Filed under: Family,Food,Friends,Life

Been too long since I’d had the perfect chocolate, so I met up with my daughter today at Timothy Adams for a mug’s worth and a truffle or two and for some catch-up time with her.

We saw Timothy starting to stir a pot of something after we arrived, and turns out it was a dairy-free praline mixture so my allergic kid could eat it. He poured it onto some toasted nuts and put a big piece in front of her as we sat. Just because he could.

The mug felt like enough for me right then but I’d had the kid at the counter put two–eh, make it four truffles–into a take-out bag. You can’t have Richard totally missing out, now, can you?

Michelle had parked right nearby but I’d had to circle around and settle for a spot near the far end of a long narrow alley that stretched to the block the shop is on. There was a tall, blind-looking building right up against the asphalt on one side and a series of smaller buildings on the other, including one that looks like the house straight out of the movie UP; in front of it, the alley opened up a bit as if to try to leave it a tiny paved front yard.

And so. On my way back, there was a large FedEx truck halfway down the alley and five or six men beyond, standing near where my car was just out of sight. The truck started backing up at about that point, so at least I wasn’t going to have to dodge it squeezing by. Not a whole lot of room.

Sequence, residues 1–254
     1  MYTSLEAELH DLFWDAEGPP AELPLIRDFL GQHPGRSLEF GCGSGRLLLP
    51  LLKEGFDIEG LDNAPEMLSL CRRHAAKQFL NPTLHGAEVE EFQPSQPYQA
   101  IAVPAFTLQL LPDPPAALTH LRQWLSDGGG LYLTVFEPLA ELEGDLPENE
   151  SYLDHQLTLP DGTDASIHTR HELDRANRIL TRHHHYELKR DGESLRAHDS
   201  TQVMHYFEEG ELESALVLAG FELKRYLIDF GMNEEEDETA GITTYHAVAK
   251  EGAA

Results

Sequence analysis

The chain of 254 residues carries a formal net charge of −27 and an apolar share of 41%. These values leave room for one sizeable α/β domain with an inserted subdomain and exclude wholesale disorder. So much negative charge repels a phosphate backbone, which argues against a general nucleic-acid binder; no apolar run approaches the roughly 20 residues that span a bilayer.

There are times when one can become acutely aware of how it looks to be gray haired and walking with a cane. I fought the sudden feeling of vulnerability with the only thing I had: I offered up a silent prayer for everybody in that alleyway whoever they might be.

There were more of them than I knew: two more men were tucked up against the back of the building next to the UP house–and (take a few more steps) one had a mail cart. Okay.

And near them was a woman. She was standing holding a cart holding, one might easily guess, all her worldly belongings, with them as disheveled as she was. Her face had been exposed to the sun for a very long time and her eyes didn’t see things quite the way I would.